Elongation of the elastic member 24 in the cross machine direction can be accomplished by subjecting the elastic member 24 to “Mount Hope” rolls, tentering frames, angled idlers, angled nips, slatted spread rollers, edge pull web stretchers, and the like, each of which is known to those skilled in the art. For example, cross machine direction elongation may be achieved through the use of one or more edge pull rollers. The edge pull rollers form a nip point through which the elastic member 24 may be fed. The edge pull rollers may be canted outwardly from the machine direction path of travel of the elastic member 24. The canting creates a cross-machine direction vector of force that strains and elongates the elastic member 24. The angle of canting off from the machine direction may be varied to impart cross-machine direction force vectors of varying magnitude. The use of a series of edge pull rollers may be preferred to achieve the requisite elongation of the elastic member 24. Furthermore, a series of edge pull rollers may allow for a graduated elongation of the elastic member so as to prevent imposition of violent web strain and potential failure of elastic member. Further discussion of cross-machine direction elongation may be found in U.S. patent application Ser. No. 10/966,759 filed on Oct. 15, 2004 in the name of Arman Ashraf.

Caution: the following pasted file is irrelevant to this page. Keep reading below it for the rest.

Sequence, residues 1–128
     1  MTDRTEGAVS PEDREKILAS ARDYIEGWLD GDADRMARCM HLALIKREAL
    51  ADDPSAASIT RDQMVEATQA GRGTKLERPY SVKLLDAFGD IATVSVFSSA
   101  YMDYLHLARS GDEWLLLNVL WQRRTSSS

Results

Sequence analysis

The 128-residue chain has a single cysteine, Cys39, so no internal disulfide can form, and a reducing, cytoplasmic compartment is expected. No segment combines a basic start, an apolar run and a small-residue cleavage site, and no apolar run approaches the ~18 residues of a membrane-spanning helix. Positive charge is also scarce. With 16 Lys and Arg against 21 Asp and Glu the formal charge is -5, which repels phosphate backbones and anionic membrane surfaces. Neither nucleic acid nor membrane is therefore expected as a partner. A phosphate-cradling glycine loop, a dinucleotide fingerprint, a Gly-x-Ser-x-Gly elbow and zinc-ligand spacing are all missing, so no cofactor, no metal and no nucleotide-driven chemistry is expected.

Elongation of the elastic member 24 in directions other than the cross-machine direction and machine direction within the plane of the elastic member 24 may be performed by combining machine direction elongation techniques and cross-machine direction elongation techniques. Such combination of machine direction elongation force and cross-machine direction elongation force may yield an effective force vector sum. In some instances, the force vector may be in a direction other than the machine direction or cross-machine direction. The corrugated stretch laminate 60 that results may exhibit biaxial stretch and recovery, which is the ability to stretch and recover in two orthogonal directions.
Joining a Substrate